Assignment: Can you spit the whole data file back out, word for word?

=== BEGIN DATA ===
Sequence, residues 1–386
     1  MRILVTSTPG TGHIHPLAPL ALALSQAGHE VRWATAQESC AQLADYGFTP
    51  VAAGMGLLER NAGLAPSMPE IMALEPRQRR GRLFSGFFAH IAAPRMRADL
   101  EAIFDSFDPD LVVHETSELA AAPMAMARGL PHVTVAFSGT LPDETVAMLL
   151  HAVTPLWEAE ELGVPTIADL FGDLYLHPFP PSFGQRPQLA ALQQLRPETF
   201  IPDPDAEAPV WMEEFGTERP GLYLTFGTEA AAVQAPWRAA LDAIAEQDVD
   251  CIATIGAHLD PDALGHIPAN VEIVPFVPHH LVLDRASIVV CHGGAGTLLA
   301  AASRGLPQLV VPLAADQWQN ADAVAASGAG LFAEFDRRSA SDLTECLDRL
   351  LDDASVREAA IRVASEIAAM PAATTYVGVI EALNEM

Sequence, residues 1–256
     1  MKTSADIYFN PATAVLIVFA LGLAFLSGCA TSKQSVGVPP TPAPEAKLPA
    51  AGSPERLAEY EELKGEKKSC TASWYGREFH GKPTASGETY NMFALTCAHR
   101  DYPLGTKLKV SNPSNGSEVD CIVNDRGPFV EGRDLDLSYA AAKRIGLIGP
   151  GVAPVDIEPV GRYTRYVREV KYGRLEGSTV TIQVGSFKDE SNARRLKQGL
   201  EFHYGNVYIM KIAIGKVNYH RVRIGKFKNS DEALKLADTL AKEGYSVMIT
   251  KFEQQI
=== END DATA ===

Sequence, residues 1–386
     1  MRILVTSTPG TGHIHPLAPL ALALSQAGHE VRWATAQESC AQLADYGFTP
    51  VAAGMGLLER NAGLAPSMPE IMALEPRQRR GRLFSGFFAH IAAPRMRADL
   101  EAIFDSFDPD LVVHETSELA AAPMAMARGL PHVTVAFSGT LPDETVAMLL
   151  HAVTPLWEAE ELGVPTIADL FGDLYLHPFP PSFGQRPQLA ALQQLRPETF
   201  IPDPDAEAPV WMEEFGTERP GLYLTFGTEA AAVQAPWRAA LDAIAEQDVD
   251  CIATIGAHLD PDALGHIPAN VEIVPFVPHH LVLDRASIVV CHGGAGTLLA
   301  AASRGLPQLV VPLAADQWQN ADAVAASGAG LFAEFDRRSA SDLTECLDRL
   351  LDDASVREAA IRVASEIAAM PAATTYVGVI EALNEM

Sequence, residues 1–256
     1  MKTSADIYFN PATAVLIVFA LGLAFLSGCA TSKQSVGVPP TPAPEAKLPA
    51  AGSPERLAEY EELKGEKKSC TASWYGREFH GKPTASGETY NMFALTCAHR
   101  DYPLGTKLKV SNPSNGSEVD CIVNDRGPFV EGRDLDLSYA AAKRIGLIGP
   151  GVAPVDIEPV GRYTRYVREV KYGRLEGSTV TIQVGSFKDE SNARRLKQGL
   201  EFHYGNVYIM KIAIGKVNYH RVRIGKFKNS DEALKLADTL AKEGYSVMIT
   251  KFEQQI